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United States. Office of Indian Affairs / Annual report of the Commissioner of Indian Affairs, for the year 1855

[Indians of the territory of Utah],   pp. 195-206 PDF (5.2 MB)

Page 199

desire to establish peaceful relations with us, I thought best to nego- 
tiate with them a written treaty, which, after being read and ex- 
pounded to them, they agreed to and signed, a copy of which has 
already been laid before you. They then received their presents with 
great joy, making Poi-gan, (medicine,).as they term it, which con- 
sists in a variety of curious ceremonies, in which the body and limbs 
go through a routine of motions altogether indescribable. At night 
we were serenaded by a party of 50 or 60 young warriors with songs 
and dances. Early the next morning the old chief, Nim-ah-tio-cah, 
came to bid us good-bye. He stood for some time as if in a deep study, 
and then said he was sorry that his people had ever been mad with 
the whites, but now their hearts were good towards the white people, 
and he hoped they would always feel so. The old man wiped a tear 
from his eyes, shook hands with us, and then put out; and since this 
interview it is difficult for me to believe that these Indians are so 
unmanageable as they have been represented to be if properly treated. 
On our return trip we were exceedingly anxious to meet with some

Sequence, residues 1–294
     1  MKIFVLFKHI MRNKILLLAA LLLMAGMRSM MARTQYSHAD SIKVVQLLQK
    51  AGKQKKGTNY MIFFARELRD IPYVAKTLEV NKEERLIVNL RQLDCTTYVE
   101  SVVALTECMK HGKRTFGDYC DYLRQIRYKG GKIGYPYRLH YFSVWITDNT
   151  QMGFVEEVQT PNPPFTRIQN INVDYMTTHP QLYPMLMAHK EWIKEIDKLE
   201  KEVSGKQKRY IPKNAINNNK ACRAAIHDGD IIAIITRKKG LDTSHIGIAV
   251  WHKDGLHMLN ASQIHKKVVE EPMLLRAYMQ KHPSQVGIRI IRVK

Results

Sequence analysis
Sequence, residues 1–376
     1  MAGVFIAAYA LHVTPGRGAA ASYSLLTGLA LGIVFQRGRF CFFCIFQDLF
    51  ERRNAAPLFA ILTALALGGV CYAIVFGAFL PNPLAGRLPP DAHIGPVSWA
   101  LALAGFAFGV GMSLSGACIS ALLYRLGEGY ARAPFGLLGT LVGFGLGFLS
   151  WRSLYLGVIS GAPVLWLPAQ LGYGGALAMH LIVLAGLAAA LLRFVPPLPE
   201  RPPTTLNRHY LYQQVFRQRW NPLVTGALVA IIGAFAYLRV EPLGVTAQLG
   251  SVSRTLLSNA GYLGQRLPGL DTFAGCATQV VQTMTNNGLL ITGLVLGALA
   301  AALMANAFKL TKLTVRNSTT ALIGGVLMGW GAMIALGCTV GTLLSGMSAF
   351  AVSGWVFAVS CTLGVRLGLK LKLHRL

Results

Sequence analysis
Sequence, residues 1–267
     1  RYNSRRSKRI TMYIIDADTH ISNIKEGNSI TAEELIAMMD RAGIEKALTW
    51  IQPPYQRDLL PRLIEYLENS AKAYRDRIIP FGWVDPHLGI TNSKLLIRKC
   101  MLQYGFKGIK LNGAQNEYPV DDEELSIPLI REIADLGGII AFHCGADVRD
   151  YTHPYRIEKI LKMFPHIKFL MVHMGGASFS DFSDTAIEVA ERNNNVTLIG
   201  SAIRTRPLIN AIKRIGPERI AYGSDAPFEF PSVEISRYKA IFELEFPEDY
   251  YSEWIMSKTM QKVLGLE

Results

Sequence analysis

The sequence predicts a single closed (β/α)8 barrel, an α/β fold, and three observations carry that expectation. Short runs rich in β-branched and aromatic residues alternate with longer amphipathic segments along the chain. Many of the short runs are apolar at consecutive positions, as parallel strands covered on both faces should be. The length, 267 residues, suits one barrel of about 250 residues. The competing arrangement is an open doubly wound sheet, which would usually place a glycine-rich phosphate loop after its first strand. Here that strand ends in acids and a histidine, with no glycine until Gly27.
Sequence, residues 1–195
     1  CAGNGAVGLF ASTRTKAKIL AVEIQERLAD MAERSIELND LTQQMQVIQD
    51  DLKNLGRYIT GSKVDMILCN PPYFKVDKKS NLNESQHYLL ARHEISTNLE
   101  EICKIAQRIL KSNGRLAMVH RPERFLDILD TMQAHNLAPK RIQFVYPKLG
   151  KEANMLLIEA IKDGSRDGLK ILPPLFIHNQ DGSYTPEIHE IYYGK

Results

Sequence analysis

Indians whom we had reason to believe were haunting the road be- 
tween the Humboldt and Bear river. In Thousand Spring valley 
we saw but one, and had to chase him on horseback before we came 
up with him. I asked him why he and his people were so wild when 
I had come so far just to see them and give them presents. He said 
they were afraid we were Californians and would kill them. I gave 
him his dinner, a shirt, and some tobacco, and told him to go and 
bring his people to see me by the time the sun was up next morning. 
He promised to do so and started off, but we saw nothing more of him 
nor his people, though we staid till 10 o'clock next day. 
As we were descending the mountain from the junction of the Sub- 
lett' s cut-off and Salt Lake roads, one of the party accidentally discov-
ered a horse standing, about three miles off, in the caion of the 
mountain, and on examining through the telescope I discovered one 
or two more, and presently an Indian came darting from behind the 
cedars and drove them back out of sight. I sent my interpreter, Mr. 
A. P. Hanes, with three other men to reconnoitre them, and bring 
them down if possible. But when the Indians saw them approaching 
their camp, they seized their bows and began to prepare for an attack, 
but my interpreter hailed themin their own tongue and told them we 
were friends, whereupon they laid down their arms and invited them 
to camp, and in a short time they all came galloping down to wher 
we had camped for the night. They were rather a rough looking 
set of fellows, and I was soon convinced that they had been stealing, 
for they had four or five head of American horses with them, some 
with their ears freshly cut. I gave them some presents and told them 
to come the next morning and bring the squaws and children, and I 
would give them more. They went away highly pleased and the next 
morning before sunrise they were all back, about fifty or sixty in 
number. After dealing out presents quite liberally, I ventured to 
tell them that I knew they were bad Indians, and had been stealing 
horses from the white people. They denied it, but I soon saw guilt 
in their countenances. I told them that I was Medicine and knew 
very well what they had been doing. At length an old fellow ac- 

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